Background: In the biochemical milieu of human colon, bile acids act as signaling mediators between the host and its gut microbiota. Biotransformation of primary to secondary bile acids have been known to be involved in the immune regulation of human physiology. Several 16S amplicon-based studies with inflammatory bowel disease (IBD) subjects were found to have an association with the level of fecal bile acids. However, a detailed investigation of all the bile salt biotransformation genes in the gut microbiome of healthy and IBD subjects has not been performed. Results: Here, we report a comprehensive analysis of the bile salt biotransformation genes and their distribution at the phyla level. Based on the analysis of shotgun metagenomes, we found that the IBD subjects harbored a significantly lower abundance of these genes compared to the healthy controls. Majority of these genes originated from Firmicutes in comparison to other phyla. From metabolomics data, we found that the IBD subjects were measured with a significantly low level of secondary bile acids and high levels of primary bile acids compared to that of the healthy controls. Conclusions: Our bioinformatics-driven approach of identifying bile salt biotransformation genes predicts the bile salt biotransformation potential in the gut microbiota of IBD subjects. The functional level of dysbiosis likely contributes to the variation in the bile acid pool. This study sets the stage to envisage potential solutions to modulate the gut microbiome with the objective to restore the bile acid pool in the gut.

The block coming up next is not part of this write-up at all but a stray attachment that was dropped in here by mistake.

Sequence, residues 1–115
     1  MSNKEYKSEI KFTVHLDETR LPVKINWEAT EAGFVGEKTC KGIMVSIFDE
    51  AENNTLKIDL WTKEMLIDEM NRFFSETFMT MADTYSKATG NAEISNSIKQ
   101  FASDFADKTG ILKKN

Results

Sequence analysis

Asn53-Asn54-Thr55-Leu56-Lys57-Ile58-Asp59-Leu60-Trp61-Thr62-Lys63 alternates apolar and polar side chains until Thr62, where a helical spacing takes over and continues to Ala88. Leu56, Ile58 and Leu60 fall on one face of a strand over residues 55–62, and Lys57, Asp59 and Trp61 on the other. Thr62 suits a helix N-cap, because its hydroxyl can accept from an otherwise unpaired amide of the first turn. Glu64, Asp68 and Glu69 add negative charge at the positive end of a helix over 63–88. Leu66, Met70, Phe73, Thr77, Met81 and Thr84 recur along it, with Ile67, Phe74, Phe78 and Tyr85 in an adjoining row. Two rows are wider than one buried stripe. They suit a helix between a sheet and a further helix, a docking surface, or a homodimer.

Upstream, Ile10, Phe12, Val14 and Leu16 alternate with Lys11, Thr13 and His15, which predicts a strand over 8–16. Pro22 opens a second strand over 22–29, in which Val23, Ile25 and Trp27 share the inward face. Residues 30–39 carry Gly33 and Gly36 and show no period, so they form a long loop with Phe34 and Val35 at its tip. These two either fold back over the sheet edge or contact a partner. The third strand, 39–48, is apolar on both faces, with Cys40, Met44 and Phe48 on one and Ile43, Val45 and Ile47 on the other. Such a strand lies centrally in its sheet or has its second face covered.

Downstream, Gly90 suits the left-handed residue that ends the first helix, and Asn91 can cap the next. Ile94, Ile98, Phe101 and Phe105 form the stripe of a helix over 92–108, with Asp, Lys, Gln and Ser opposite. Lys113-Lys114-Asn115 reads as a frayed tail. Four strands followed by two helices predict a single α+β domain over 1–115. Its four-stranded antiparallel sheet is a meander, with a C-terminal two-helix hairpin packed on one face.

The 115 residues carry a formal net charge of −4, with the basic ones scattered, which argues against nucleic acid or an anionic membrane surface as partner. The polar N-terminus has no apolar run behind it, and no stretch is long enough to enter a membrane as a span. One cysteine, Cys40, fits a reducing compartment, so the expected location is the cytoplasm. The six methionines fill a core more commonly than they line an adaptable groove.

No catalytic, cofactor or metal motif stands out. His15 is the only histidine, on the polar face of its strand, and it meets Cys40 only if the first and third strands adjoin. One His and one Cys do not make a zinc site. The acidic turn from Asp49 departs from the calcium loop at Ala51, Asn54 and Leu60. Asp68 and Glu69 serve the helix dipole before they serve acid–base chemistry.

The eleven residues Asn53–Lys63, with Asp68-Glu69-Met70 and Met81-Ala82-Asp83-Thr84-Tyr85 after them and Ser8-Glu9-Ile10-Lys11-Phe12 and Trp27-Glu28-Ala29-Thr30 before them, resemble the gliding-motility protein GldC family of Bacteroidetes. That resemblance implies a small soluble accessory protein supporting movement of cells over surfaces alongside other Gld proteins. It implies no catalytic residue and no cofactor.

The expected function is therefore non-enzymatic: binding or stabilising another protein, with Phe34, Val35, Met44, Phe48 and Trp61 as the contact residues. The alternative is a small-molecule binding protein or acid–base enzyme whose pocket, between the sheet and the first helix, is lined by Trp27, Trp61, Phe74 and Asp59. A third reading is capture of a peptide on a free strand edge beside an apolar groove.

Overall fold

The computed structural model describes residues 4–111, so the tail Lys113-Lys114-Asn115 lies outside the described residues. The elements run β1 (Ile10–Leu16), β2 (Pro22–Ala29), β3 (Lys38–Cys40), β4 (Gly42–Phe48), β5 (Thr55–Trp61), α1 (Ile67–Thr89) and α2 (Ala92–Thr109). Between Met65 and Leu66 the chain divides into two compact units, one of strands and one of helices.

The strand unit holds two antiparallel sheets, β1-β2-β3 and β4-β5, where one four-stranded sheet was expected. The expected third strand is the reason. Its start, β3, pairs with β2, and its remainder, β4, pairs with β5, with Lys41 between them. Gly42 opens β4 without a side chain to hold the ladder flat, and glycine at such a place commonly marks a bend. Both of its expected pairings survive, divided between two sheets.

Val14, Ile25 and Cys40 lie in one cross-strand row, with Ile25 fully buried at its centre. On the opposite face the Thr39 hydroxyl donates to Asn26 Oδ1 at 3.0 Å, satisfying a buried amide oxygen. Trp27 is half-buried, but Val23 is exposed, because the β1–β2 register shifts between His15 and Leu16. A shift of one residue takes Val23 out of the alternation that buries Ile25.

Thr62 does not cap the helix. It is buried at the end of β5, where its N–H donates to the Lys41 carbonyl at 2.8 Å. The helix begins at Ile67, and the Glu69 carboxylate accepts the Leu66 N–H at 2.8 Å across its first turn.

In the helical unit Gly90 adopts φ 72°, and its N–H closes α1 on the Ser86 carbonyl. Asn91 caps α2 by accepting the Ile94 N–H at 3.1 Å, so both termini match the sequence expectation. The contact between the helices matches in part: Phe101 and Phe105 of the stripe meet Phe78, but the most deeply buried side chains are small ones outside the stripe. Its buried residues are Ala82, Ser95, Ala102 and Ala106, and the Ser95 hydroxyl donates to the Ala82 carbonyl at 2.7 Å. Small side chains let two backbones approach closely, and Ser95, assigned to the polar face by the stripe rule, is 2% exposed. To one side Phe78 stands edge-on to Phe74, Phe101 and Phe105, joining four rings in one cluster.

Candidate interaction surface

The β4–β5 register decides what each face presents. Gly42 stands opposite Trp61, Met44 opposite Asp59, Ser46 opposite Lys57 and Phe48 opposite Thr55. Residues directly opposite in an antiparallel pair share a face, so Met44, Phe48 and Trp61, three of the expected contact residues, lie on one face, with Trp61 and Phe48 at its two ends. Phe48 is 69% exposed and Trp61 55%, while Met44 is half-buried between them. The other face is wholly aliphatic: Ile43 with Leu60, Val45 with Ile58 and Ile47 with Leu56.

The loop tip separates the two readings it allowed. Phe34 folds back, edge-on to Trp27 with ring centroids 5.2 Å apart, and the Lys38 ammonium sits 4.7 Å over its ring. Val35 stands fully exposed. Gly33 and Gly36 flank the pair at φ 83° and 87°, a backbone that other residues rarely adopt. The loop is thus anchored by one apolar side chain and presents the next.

- Secondary bile acids
- Gut microbiota
- Bile salt biotransformation genes